A jury has ruled that Vans Inc., maker of skateboard sneakers and part owner of the Vans Warped Tour, owes Mötley Crüe bassist Nikki Sixx at least $600,000 for using his photo without permission in an advertising campaign.
The Los Angeles Superior Court jury found February 9th that photos of Sixx and pro skater Tony Trujillo from a San Francisco “Skater of the Year” awards ceremony were used by Vans without Sixx’s permission as part of a national ad campaign for Trujillo’s signature shoe line.
In addition, the jury reportedly awarded Sixx interest and attorney’s fees, which could boost the amount to more than $1 million.
“I’m happy, not so much for myself, but for all artists who are unfairly taken advantage of by major corporations,” Sixx said in a statement. “I hope this encourages other performers to stand up to those who would exploit them without securing the necessary rights.”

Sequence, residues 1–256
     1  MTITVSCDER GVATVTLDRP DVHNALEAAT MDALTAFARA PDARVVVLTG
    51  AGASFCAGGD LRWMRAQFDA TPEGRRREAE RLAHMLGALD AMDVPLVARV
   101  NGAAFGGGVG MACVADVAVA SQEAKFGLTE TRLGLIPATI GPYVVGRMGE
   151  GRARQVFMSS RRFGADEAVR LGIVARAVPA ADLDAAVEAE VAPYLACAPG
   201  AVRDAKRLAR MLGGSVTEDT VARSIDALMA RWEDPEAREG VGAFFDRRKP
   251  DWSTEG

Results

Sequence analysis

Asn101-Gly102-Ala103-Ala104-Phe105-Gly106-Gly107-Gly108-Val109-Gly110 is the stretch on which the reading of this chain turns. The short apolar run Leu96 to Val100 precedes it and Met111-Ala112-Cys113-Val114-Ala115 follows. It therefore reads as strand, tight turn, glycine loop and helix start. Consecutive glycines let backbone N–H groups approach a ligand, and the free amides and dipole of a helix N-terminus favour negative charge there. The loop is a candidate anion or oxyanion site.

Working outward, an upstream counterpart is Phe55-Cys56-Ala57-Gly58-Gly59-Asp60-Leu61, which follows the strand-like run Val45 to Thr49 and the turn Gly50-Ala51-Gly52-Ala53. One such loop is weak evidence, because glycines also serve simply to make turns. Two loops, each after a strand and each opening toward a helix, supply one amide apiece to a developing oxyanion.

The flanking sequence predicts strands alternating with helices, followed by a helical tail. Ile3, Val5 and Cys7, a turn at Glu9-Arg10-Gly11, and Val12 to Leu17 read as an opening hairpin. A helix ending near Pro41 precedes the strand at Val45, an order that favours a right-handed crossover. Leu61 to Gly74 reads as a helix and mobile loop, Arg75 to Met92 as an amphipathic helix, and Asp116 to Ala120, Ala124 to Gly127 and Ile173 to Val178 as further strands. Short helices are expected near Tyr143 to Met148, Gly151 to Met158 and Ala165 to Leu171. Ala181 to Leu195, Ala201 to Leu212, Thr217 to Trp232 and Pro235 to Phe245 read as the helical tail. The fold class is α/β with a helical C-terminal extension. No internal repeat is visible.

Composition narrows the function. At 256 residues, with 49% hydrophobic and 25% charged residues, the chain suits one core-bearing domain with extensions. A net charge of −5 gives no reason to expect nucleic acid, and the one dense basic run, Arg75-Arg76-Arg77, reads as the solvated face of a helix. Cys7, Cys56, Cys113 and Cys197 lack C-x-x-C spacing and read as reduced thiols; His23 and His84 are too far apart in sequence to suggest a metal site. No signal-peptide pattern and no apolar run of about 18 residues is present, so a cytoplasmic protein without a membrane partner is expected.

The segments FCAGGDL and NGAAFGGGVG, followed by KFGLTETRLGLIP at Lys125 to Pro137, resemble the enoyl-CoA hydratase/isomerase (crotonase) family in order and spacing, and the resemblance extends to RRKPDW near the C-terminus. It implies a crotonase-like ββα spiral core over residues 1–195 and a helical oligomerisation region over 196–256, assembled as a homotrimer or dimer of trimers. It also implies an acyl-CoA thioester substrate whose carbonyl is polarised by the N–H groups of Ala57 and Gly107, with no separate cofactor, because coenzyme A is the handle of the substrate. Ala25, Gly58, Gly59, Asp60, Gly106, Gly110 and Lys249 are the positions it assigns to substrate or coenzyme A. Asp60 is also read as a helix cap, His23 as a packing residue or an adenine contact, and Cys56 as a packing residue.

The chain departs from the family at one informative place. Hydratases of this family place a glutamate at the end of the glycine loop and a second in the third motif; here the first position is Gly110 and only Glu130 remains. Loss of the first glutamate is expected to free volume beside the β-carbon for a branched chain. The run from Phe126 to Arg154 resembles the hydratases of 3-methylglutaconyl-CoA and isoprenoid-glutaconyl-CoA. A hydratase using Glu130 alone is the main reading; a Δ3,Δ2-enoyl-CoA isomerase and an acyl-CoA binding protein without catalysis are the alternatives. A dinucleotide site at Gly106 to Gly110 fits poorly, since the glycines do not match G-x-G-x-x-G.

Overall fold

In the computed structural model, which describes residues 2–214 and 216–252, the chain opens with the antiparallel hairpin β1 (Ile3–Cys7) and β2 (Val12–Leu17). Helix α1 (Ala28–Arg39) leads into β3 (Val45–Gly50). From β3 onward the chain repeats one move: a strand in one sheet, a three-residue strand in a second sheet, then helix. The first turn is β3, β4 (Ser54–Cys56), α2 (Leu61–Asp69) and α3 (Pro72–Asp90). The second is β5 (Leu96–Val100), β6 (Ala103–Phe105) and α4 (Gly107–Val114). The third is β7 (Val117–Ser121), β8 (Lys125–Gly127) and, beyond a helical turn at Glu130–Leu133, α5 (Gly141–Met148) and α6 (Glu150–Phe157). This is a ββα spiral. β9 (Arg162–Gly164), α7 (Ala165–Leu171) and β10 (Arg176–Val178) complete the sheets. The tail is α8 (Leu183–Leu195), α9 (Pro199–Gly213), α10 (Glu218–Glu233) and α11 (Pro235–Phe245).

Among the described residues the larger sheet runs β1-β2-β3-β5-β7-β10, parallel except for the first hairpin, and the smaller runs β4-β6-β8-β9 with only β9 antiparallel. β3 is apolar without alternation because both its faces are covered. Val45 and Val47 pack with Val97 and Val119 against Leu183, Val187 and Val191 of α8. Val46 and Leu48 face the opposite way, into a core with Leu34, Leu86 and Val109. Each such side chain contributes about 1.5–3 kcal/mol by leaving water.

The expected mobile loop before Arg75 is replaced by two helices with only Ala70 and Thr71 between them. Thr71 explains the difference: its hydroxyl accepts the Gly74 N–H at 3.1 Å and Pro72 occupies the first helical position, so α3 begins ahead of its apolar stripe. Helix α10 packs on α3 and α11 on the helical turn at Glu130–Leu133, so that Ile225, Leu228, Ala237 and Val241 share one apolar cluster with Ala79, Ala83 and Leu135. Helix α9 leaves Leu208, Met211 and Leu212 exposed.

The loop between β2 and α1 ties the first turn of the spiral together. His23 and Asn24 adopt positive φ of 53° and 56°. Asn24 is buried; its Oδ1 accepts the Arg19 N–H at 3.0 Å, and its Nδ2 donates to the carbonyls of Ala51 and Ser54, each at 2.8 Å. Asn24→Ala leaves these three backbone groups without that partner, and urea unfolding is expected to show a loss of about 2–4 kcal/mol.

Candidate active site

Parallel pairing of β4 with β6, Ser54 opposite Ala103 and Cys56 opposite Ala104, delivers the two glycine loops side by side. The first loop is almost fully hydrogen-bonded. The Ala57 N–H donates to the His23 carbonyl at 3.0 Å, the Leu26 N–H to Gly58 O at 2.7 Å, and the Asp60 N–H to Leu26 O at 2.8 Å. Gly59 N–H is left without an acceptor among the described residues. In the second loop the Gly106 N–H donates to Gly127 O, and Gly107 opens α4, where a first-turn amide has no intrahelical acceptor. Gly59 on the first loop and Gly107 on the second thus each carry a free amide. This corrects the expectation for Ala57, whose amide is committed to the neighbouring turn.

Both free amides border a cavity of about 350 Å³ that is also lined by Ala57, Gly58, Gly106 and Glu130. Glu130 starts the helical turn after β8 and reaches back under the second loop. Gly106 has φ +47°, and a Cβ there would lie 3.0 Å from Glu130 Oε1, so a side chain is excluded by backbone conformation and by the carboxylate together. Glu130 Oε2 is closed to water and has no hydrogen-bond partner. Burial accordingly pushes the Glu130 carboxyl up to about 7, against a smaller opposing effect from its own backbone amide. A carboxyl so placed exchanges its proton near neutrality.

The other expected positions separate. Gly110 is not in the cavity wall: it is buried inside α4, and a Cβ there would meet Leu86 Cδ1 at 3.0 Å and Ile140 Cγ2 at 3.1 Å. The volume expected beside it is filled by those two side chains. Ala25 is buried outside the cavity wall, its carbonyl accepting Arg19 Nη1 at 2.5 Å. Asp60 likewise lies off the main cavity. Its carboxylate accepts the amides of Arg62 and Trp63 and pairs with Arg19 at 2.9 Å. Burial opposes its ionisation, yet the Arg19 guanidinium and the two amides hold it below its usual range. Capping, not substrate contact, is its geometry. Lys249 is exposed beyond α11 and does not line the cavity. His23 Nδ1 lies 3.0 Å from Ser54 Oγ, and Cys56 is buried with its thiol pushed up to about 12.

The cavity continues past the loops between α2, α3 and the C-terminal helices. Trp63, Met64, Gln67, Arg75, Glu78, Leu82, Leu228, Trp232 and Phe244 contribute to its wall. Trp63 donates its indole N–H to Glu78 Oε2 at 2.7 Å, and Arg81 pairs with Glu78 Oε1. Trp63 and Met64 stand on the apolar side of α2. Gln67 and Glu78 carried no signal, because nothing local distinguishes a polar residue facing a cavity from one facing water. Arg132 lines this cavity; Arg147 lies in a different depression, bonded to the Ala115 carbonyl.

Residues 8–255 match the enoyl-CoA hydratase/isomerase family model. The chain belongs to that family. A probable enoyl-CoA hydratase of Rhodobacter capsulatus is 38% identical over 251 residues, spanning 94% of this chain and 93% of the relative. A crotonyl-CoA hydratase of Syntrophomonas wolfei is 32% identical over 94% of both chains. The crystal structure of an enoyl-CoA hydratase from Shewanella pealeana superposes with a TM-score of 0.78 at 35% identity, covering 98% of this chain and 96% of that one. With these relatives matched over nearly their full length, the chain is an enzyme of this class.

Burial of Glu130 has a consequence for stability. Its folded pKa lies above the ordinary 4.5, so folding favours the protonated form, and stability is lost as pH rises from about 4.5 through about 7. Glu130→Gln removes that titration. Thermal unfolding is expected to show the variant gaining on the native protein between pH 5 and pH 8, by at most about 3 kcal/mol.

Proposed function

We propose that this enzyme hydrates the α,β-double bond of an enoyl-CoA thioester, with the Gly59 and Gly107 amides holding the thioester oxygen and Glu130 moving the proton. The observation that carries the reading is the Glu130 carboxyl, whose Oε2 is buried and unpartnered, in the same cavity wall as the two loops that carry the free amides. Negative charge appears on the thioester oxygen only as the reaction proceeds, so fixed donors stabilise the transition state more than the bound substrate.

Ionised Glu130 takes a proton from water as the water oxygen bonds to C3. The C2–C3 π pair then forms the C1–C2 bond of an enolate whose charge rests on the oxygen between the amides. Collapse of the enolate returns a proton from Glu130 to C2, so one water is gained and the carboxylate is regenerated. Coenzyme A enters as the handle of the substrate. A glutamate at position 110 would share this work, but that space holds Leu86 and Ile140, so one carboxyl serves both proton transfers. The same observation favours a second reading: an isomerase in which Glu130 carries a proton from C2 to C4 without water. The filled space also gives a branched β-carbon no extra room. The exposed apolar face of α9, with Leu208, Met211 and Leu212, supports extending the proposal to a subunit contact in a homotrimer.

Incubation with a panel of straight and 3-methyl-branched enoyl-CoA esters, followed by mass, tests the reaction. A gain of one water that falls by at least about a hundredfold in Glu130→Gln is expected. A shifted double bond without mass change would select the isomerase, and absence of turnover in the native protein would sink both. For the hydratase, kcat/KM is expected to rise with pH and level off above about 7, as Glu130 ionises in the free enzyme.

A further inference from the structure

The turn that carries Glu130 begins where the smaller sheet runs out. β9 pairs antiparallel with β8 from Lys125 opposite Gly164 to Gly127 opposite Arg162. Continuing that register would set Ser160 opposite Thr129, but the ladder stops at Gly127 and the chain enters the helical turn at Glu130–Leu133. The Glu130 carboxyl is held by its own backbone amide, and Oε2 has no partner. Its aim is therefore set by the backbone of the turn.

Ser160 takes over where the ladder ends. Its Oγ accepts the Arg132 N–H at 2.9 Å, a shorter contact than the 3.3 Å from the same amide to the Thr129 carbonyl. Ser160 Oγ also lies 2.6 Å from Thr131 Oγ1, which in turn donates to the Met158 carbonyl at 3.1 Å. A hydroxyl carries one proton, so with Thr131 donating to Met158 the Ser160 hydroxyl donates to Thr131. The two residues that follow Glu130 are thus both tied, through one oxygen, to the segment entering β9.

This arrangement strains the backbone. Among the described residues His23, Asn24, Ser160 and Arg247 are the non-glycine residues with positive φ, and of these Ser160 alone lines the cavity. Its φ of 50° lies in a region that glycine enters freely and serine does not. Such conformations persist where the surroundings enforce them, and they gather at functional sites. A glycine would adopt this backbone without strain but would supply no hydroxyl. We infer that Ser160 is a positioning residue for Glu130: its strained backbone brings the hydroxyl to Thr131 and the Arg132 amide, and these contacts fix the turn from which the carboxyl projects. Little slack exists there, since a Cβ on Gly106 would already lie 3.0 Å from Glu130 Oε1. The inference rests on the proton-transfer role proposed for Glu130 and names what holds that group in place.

The photos appeared in eight publications including Revolver, Maxim, Stuff, FHM, Blender and Alternative Press with the caption “Live Fast, Die Young,” which, in Sixx’s opinion, bore a resemblance to the title of the first Crüe album, Too Fast For Love.
The image was also used in online ads and point-of-purchase retail displays at skate parks around the country. The lawsuit noted that Sixx has his own clothing line, N. Sixx by Dragonfly, which targets the same youth market as Vans, the statement added.
Vans spokesman Chris Overholsen told Pollstar, “We believed that we had the rights to use [Nikki Sixx’s] photos in the manner that we did; however, the jury thought otherwise.”
The ruling was handed down a week before Mötley Crüe was set to kick off its world tour February 17th in Fort Lauderdale, Fla. The jaunt is in support of the band’s recently released album, Red, White & Crüe.